Jesse D. Peterson is a PhD candidate with the Environmental Humanities Laboratory located at KTH Royal Institute of Technology and forms part of the EU funded Marie Curie Innovative Training Network, Environmental Humanities for a Concerned Europe (ENHANCE). He holds an MSc in Environmental Humanities and an MFA in Poetry and Translation.
With research interests primarily focused on ecological change, culture, science and technology, and ethics, his work often draws from inter- and trans-disciplinary fields such as Environmental Humanities, Discard/Waste Studies, Science and Technology Studies, Cultural Studies, Posthumanities, Environmental History, Visual Ethnography, and Creative Writing.
Currently, his PhD research studies the global problem of cultural eutrophication—a form of ecological change characterized by nutrient pollution, algal blooms, and dead zones. Focusing on the Baltic Sea, this study attempts the first in-depth analysis of cultural eutrophication from a humanities perspective in order to identify values and meanings attached to water, nutrients, algae, and dead zones, argue for understanding the creation of waste as ecological rather than social, and develop alternative narratives among other aims.
He has taught or been a teaching assistant in over 20 courses in environmental history, gender and technology, literature, creative writing, rhetoric, and technical writing. In his spare time, he and some colleagues founded and produced the environmental humanities journal, saltfront. He has also been awarded various fellowships in addition to grants provided by the Seedbox for a writing workshop on environmental humanities and other organizations for field work and translation. Outside academia, Jesse has worked for non-profits and local government in the USA and abroad, having led and coordinated professional and volunteer projects on ecological rehabilitation, monitoring, and interpretation. He has also done permaculture design, revised city code, and acted as a writing coordinator for science and engineering students.
Environmental Humanities for a Concerned Europe (ENHANCE)
The Posthumanities Hub
European Association for the Study of Literature, Culture, and Environment
European Society for Environmental History (ESEH)
Edinburgh Environmental Humanities Network
Association for Literature, Environment, and Culture in Canada (ALECC)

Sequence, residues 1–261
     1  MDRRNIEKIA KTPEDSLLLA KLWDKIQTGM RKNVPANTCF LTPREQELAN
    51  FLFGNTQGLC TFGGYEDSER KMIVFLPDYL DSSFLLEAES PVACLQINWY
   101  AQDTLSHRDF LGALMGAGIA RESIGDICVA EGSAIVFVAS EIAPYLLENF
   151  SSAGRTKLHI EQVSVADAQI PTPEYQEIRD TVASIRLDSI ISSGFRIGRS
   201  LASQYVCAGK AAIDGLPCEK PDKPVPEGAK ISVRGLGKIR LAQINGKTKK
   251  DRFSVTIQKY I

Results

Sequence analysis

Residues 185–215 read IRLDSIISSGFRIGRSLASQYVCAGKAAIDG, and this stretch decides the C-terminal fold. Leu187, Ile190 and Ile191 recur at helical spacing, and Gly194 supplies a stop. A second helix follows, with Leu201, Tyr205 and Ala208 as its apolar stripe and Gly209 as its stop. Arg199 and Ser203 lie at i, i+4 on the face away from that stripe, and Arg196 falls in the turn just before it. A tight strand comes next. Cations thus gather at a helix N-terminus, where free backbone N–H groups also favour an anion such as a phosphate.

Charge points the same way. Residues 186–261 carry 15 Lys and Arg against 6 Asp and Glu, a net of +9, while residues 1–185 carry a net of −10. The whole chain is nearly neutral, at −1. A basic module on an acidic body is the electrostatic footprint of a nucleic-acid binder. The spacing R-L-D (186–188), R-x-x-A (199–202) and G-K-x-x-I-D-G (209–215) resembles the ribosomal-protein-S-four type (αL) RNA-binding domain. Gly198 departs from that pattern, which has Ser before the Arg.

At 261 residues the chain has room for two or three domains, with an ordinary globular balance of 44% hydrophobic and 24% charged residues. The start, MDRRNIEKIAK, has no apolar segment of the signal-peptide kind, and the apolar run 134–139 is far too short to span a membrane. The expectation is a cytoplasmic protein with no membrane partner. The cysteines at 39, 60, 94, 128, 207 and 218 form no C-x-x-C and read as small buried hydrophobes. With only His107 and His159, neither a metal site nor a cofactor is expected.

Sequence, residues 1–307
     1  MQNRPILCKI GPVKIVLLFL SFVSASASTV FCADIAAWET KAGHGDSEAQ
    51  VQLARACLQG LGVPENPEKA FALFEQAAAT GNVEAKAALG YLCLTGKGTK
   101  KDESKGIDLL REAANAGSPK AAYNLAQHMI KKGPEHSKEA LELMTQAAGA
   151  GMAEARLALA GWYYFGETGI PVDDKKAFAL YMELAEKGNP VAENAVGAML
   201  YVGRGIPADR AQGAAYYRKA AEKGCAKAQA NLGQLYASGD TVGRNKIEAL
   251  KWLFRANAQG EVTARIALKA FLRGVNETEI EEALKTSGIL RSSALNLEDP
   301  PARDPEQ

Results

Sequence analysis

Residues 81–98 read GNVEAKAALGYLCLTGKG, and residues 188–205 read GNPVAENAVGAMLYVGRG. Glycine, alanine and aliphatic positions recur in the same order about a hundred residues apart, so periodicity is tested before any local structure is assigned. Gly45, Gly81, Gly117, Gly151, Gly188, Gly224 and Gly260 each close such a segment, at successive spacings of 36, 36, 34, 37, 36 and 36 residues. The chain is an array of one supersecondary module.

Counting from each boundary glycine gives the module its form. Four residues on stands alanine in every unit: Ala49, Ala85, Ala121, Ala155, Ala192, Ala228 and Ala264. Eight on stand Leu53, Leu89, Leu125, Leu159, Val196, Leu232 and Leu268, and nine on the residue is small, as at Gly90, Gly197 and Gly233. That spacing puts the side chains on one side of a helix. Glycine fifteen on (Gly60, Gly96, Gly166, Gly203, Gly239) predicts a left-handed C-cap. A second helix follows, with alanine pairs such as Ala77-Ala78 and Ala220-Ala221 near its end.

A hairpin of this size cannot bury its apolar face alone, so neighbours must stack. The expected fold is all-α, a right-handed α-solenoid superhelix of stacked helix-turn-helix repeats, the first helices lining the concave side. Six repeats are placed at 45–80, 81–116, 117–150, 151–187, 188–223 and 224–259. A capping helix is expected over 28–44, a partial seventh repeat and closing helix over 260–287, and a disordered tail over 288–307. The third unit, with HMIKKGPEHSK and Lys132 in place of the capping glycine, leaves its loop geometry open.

Network in Canadian History and Environment (NICHE)
Publications (last 5 years)
Journal Articles & Chapters (peer reviewed)
“Are dead zones dead? Environmental collapse in popular media about eutrophication.” The Discourses of Environmental Collapse: Imagining the end. Ed. Alison Vogelaar, Brack Hale, and Alexandra Peat. April 20, 2018.
“Crossing the Line: Death at the Equator.” GeoHumanities, Fall 2016.
“A Rushing Mighty Wind.” Breathing Stories: Utah Voices for Clean Air. Salt Lake City: Torrey House Press. 2018.
“I Saw You Running Home.” Capitalism, Nature, Socialism. 2018.
Three Strains from adamsongs. Terrain.org. Summer. 2014.
“Aureliana Sky.” Saltfront. Salt Lake City, UT. October 2013.
“The High Risers.” Mapping SLC. Salt Lake City, UT. 2013.
“Trace Materials,” “Pharaoh’s Prayer,” and “Leisure for the Chase.” The Provo Canyon Review, vol. 1, issue 3, Fall 2013.
“Untitled – Notes.” Handbook. Denmark. Summer, 2013.
Editorials, and Blog posts
Peterson, Jesse; Allen, Irma; Valisena, Daniele; and Gough, Anne. “What if…? Redefining research impact from an environmental humanities perspective.” Transformative Humanities. KTH. Sep. 2018.
Peterson, Jesse. “Can Water Die?: Report on PhD mid-Seminar on Algal Blooms and the Baltic Sea.” WaterBlog@KTH: Reflect, Rethink, Refill. May 2018
Peterson, Jesse and Boutet, Jean-Sebastien. “The Interruptor: A (late) review of Learning to Die in the Anthropocene.” Transformative Humanities. Division of History of Science, Technology, and Environment. 2018.
Peterson, Jesse. “Undisciplined Discipline Writing Workshop.” ENHANCE Blog. 2017.
Peterson, Jesse and Zahara, Alex. “Anthropocene Adjustments: Discarding the Technosphere.” Discard Studies Blog. 26 May 2016. https://discardstudies.com/2016/05/26/anthropocene-adjustments-discarding-the-technosphere/
Exhibitions & Workshops
“Nourish: a 360° Video Poem.” Umveltzschmerz. Deutsches Museum. Oct. 2018.
“The Sea Inside.” Land Lines & The Living Seas Centre. Flamborough Head, Sep. 2018.
“Dysmetria, mine.” Exhibition at Utah Museum of Fine Arts. Salt Lake City, UT. April 2014.